Evening public ledger. (Philadelphia [Pa.]) 1914-1942, January 14, 1916, Night Extra, Page 9, Image 9

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m y
Coprrlsht. 1914, the
Bobs-Merrllt Corapanr
FOLLOWED days of feasting on the
frozen flesh of tho old bull. In aln
titiv Wolf tried to lure Kazan off Into the
foreitB and the swamps. There was hunt
lS now. And Gray Wolf wanted to be
itone-wlth Kazan. Hilt with Kazan, as
wlthrnost men, leadership and power
TouMd new sensations And ho was the
leader of the .dog-rack, aa he had once
i." n leader among tho wolves. Not
tarivOray Wolf followed at his flank now,
but tho four huskies trailed behind him.
Onco more he was experiencing thnt tri
umph and strange thrill that he had
almost forgotten nnd .only Orny AVoVJ.
in that eternal night of her blindness.
Ml with dread foreboding tho danger Into
which his newly achieved czarshlp might
lead him.
Tor thrco dajs and three nights they
remained In the neighborhood of the dead
mooie, ready to defend It ngalnst others,
and yet each day and each night growing
less vigilant In their gunrd. Then camo
h" fourth night, on which they killed a.
voung doe. Kazan led In that chase and
for the first time, In tho excitement of
having tho pack at his back, he left his
blind male behind. When they camo to
the kill ho was the first to leap at Its
Jolt tr-oat. And not un'll ho had begun
in tear at the doo's flesh did tho others
dre to cat. Ho was master. He could
end them back with a. snarl. At the
cleam of his fangs they crouched uulv
Jrlng on their bellies In tho snow.
Kazan's blood was fomented with brute
exultation, and tho excitement nnd fas-
-i...it., Hint rnme 111 the noRSOSStOll Of
k new power took (ho place of dray Wolf
1 . Hill. .. ..... til.n nitun Itl
each nay a miii hum.-. jhv ...,,.. ...
half an hour after the kill, and there
was no longer tho lithesome alertness to
her slender legs, or glndncss In the tilt
of her ears or the polso of her bend. She
did not eat much of the doe. Her blind
face was turned always In Kazana direc
tion. Wherever ho moved sho followed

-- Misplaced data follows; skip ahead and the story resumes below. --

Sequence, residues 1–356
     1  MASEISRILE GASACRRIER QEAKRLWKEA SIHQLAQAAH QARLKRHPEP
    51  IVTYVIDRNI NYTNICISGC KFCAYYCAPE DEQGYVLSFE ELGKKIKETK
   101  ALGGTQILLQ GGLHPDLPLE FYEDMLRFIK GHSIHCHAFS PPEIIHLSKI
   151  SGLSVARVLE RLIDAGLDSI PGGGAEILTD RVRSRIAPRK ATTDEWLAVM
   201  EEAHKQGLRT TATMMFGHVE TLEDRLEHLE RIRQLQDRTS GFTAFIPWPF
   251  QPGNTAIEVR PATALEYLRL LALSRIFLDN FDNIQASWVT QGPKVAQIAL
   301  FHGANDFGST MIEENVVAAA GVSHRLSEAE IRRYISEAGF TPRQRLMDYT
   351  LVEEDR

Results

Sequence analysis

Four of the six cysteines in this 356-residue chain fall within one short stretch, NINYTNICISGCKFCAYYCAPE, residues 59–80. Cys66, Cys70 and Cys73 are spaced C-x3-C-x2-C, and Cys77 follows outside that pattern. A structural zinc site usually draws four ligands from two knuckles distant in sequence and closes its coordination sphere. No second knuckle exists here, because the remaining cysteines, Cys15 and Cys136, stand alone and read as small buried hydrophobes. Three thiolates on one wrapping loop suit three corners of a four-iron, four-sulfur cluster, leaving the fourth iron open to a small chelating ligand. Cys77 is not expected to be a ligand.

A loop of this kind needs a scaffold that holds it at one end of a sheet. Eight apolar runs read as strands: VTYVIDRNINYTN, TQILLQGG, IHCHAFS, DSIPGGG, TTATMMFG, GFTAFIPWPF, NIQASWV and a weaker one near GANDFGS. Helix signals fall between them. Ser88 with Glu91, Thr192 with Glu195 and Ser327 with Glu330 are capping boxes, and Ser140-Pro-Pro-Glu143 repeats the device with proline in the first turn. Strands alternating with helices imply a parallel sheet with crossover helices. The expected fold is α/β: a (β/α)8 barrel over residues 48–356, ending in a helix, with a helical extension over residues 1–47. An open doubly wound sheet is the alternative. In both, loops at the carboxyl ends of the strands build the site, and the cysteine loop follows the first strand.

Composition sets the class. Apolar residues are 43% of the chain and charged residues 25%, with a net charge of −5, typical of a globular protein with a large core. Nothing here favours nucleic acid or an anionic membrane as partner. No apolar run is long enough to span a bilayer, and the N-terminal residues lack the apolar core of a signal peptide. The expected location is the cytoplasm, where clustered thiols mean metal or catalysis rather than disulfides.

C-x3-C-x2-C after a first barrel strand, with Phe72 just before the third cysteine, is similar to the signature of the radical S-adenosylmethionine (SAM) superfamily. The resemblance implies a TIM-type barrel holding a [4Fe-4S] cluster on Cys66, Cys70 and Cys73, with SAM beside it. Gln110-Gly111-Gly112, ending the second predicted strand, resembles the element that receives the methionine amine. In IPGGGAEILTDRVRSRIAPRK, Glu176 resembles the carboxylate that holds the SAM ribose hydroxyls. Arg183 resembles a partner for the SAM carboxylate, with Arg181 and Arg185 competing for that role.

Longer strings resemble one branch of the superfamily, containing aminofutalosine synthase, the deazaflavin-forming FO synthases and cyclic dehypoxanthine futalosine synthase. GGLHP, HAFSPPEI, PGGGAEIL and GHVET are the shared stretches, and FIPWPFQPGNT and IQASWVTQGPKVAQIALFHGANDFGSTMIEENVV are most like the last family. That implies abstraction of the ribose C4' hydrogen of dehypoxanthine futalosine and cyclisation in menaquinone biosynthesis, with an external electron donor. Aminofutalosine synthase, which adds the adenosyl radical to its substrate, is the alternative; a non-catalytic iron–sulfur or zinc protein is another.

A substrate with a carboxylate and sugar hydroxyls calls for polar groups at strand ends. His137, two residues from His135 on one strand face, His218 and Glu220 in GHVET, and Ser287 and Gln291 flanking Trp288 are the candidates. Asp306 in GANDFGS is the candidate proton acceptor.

him with her unseeing eyes, at If ex
pecting each moment bis old signal to
hcr-that low throat-note that had called
to her so often when thoy were nlono
In the wilderness.
In Kazan, as lender of the pack, there
was working n curious change. If his
mates had been wolves It would not
have been difficult for Gray Wolf to Imve
lured him away. But Kazan was among
his own kind. Ho was a dog. And tlicy
were dogs. Klrcs thnt had burned down
and ceased to warm him flamed up In
him nnow. In his llfo with Gray Wolf
one thing had oppressed him as It could
not oppress her, nnd that thing won
loneliness. Nature had created him of
that kind which requires companionship
not of one but of many. It had given
him birth thnt he might listen to and
obey the commands of tho voice of man.)
He had grown to hate men, but of tho
dog his kind ho was a part. Ho had
been happy with Gray Wolf, happier
than h hnd over been In tho companion
ship of men and his blood-brothers. But
ho had been a long tlmo separated from
the llfo that had onco been his and tho
tall of blood mndo him for n time forget.
. And only Gray AVolf. with thnt wondcr-
nil superlnstlnct which nature was giv
ing her In plnce of her lost sight, foresaw
the end to which It was lending him.
Each day tho temperature continued
to rse until when the sun was warmest
the snow began to thaw a little. This
was two weeks after tho fight near tho
bull. Gradually the pack had swung east
ward, until It was now K mllca cast nnd
' S) miles south of the old hom,e under the
windfall. Moro than over Gray Wolf
berart to long for their old nest upder
Ilia fallen trees. Again with thoso first
promises of spring In sunshine und air,
ther' wns coming also for the second
time In her llfo tho promise of approach
ing motherhood.
tt,, l, vffrtr in rlrnw Tvnr.nn hprk
, -were unavailing, and in spite of her pYo
v" test he wandered each day a little farther
east and south at the head of his pacK.
Gray Wolf was haunted by constant
Ji.. ai..,l. nn.1 Bit.alt' Vi li,( r, , man rlfAEir
f -: r uiunij miu ..,..,,, v. ...... u ...... .....
. aim nearer to tne post a ruio lomgnt.
tfeo miles tomorrow, but al'ays nearer.
And Gray Wolf, flubtlng her losing fight
to the end, sensed In tho danger-filled nlr
tho nearness of that hour when ho would
respond to tho final call and sho would bo
1ft nlntift.
? Thwart wnrn rlnvq nf nrHvltv mill nxrlte-
(,-, ment nt tho fur company's post, tho days
' of accounting, of profit and of pleasure;
' the days when tho wilderness poured lit
Us treasure o" fur, to bo sent a little later
to London and Paris and the capitals of
Europe. And this year there waB more
than the usual Interest In the foregath
ering, of the torest people.
'The plague had wrought Its terrible
havoc, and not until the fur-hunters had
come to answoi to tho spring rollcall
would It br known accurately who had
lived ana wto had died.
, The ChtppeAV&na and half-breeds from
the Booth began to arrive first, with their